EasyMock

Introduction

Test-driven development is a critical component of software development. If code isn't tested, it's broken. All code must be tested, and ideally the tests should be written before the model code is.
EasyMock provides Mock Objects for interfaces (and objects through the class extension) by generating them on the fly using Java's proxy mechanism. Due to EasyMock's unique style of recording expectations, most refactoring will not affect the Mock Objects. So EasyMock is a perfect fit for Test-Driven Development.
A Mock Object is a test-oriented replacement for a collaborator. It is configured to simulate the object that it replaces in a simple way. In contrast to a stub, a Mock Object also verifies whether it is used as expected.
EasyMock is an open source mock object library for the Java programming language that helps you quickly and easily creates mock objects for all these purposes. Through the magic of dynamic proxies, EasyMock enables you to create a basic implementation of any interface with just one line of code. By adding the EasyMock class extension, you can create mocks for classes too. These mocks can be configured for any purpose, ranging from simple dummy arguments for filling out a method signature to multi-invocation spies that verify a long sequence of method calls..

We can separate the EasyMock implementation into FOUR steps


1. Creating a Mock Object using "EasyMock.createMock".
Create Mock : Using this static method we are creating a mock object. And this is the first step which we need to do in mock testing.
When we create these mock objects then we can follow three levels.
Regular: If we are expecting some methods to be executed then it was not executed then the test will fail. And if any unexpected tests executed then also test will fail. Here the order of the method execution is not important.
Ex: EmpDAO empDAO = EasyMock.createMock(EmpDAO.class);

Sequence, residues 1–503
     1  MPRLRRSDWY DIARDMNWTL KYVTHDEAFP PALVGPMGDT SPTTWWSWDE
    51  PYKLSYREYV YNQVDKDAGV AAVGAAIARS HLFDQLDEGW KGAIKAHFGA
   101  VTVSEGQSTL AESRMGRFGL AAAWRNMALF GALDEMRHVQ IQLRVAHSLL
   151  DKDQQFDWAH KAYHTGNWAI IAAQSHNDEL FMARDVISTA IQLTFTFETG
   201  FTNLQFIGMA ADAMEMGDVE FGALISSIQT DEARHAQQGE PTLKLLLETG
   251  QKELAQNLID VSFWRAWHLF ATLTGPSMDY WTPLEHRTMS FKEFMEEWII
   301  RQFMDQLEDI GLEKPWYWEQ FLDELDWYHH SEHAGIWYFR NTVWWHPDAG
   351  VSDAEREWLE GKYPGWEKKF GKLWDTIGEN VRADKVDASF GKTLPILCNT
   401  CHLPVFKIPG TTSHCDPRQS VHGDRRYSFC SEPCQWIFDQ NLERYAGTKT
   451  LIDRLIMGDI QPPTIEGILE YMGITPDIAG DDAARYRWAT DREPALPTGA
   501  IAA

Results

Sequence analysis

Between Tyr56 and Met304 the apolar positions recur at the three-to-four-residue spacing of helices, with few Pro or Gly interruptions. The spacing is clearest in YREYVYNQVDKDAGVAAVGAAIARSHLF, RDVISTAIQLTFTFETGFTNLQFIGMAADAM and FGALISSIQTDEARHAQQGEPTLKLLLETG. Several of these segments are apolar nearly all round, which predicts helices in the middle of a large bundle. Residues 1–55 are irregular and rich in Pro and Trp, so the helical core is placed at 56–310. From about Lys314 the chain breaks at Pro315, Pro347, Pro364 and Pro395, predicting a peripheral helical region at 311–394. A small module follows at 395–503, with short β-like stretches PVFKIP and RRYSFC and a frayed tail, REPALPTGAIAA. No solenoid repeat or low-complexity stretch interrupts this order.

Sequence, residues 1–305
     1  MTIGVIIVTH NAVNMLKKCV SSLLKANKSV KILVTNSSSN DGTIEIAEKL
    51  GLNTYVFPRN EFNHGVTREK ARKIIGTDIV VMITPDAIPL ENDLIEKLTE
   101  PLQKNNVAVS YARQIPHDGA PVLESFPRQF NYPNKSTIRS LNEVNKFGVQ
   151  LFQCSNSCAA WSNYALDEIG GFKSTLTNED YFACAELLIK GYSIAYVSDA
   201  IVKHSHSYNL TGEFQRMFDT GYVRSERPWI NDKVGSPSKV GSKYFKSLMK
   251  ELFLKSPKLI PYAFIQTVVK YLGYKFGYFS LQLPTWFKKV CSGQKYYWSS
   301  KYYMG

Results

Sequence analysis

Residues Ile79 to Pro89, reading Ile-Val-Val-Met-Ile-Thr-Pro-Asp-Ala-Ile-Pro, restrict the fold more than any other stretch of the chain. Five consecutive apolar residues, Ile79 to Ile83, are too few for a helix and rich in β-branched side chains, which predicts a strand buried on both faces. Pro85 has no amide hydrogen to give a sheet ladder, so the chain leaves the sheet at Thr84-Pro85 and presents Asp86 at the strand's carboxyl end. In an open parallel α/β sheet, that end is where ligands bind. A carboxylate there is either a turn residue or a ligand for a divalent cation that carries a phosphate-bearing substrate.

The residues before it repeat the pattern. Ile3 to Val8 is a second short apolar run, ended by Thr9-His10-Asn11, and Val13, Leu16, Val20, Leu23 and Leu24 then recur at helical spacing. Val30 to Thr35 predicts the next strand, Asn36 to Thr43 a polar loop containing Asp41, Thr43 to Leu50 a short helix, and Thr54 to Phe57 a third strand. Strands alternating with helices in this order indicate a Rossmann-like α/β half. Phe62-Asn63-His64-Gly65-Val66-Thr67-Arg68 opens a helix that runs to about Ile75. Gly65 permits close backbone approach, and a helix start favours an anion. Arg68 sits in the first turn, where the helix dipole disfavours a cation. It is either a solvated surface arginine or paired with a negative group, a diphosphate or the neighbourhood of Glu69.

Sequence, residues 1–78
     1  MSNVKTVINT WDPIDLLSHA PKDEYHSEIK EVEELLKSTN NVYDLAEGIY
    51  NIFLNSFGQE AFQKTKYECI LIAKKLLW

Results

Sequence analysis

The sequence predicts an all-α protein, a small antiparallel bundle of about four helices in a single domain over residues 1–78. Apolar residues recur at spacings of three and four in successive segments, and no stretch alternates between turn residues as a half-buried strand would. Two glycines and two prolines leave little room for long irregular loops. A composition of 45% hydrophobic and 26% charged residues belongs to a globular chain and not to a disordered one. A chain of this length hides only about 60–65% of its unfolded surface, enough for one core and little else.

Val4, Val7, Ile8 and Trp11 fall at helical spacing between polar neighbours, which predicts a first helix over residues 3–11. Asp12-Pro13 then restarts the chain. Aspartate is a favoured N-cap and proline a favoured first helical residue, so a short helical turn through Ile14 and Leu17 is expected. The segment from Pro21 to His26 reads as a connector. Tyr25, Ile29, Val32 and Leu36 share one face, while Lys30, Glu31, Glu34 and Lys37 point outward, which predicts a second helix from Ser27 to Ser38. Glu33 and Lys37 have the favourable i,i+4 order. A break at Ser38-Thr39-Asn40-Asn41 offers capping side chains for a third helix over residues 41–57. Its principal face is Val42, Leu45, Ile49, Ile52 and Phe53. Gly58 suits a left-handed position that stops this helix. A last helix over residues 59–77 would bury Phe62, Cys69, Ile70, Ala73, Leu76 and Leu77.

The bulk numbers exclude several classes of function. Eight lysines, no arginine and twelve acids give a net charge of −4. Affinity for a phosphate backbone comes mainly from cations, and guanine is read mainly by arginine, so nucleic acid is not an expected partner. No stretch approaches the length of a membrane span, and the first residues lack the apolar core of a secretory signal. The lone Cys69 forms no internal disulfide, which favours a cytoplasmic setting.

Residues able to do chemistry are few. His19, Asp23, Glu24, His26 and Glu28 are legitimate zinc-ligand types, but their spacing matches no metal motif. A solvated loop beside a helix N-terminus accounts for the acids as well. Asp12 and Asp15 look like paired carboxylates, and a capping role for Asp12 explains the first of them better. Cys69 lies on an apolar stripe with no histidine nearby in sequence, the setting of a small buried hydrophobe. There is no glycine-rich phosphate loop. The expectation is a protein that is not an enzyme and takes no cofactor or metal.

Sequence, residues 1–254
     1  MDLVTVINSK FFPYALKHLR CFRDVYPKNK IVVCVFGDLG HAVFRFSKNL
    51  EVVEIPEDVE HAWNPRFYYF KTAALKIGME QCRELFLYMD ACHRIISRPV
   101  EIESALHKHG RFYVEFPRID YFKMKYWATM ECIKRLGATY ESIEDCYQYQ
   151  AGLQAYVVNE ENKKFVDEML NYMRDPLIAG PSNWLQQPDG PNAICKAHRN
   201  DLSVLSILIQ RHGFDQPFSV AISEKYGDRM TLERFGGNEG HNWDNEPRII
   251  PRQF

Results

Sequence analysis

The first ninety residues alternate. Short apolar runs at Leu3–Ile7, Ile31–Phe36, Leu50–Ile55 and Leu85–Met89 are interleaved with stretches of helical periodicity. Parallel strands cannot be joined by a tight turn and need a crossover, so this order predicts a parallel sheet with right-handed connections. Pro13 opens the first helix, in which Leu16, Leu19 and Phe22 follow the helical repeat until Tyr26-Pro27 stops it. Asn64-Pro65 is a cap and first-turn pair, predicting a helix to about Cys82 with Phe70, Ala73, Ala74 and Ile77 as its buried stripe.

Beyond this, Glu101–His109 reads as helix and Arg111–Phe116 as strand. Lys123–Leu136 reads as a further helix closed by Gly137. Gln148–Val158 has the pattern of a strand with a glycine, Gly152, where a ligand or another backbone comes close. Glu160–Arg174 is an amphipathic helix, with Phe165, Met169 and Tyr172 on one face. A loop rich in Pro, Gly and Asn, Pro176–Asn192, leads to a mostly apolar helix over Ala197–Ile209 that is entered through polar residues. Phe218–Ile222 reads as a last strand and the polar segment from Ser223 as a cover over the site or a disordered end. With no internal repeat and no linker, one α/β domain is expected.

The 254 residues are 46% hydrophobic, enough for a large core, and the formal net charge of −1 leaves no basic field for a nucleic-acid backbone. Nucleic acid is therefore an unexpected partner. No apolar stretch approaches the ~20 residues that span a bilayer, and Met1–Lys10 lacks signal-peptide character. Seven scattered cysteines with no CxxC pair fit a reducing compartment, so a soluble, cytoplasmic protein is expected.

Nice: If we are expecting some methods to be executed then it was not executed then the test will fail. And if any unexpected tests executed then it will return a default value. Here also order is not important.
Ex: EmpDAO empDAO = EasyMock.createNiceMock(EmpDAO.class);

Strict: Same as regular but here the Order of the expected methods also important.
Ex: EmpDAO empDAO = EasyMock.createStrictMock(EmpDAO.class);

2. Expecting mock object method calls using "EasyMock.expect".
This is used to expect some method calls from our mock object. Lets go through one example.
Let's assume we have the following methods which gets employee information from DB.
List<Employee> employee = empDao.getEmpDetails();
List<Employee> employee = empDao.getEmpDetailsByName("bond");

In the unit test we need to follow as follows...
EmpDao mockDao = EaskMock.createMock(EmpDao.class);

Employee mockEmp = new Employee();

mockEmp.setEmpName("bond");
mockEmp.setEmpCode("007"); 

List<Employee> empList=new ArrayList< Employee >(1);
empList.add(mockEmp);

expect(mockDao.getEmpDetails()).andReturn(empList);
expect(mockDao.getEmpDetailsByName("bond")).andReturn(empList);
replay(mockDao);


3. Registering/replaying expected methods using "EasyMock.replay".
Once the behavior of the mock objects has been recorded with expectations, the mock objects must be prepared to replay those expectations. We are using replay() method for this purpose. EaskMock will stop the expecting behavior once this method calls.
EasyMock.replay(mockDao);

4. Verifying the expected methods using "EasyMock.verify".
Veirfying the mock expectations is the final step which we need to follow. This includes validating that all methods that were expected to be called were called and that any calls that were not expected are also noted.
EasyMock.verify(mock);


Easymock is providing more functionalities like "Matchers" etc for more unit testing flexibility. EasyMock has been the first dynamic Mock Object generator, relieving users of hand-writing Mock Objects, or generating code for them. It helps us to increase our testing coverage a lot.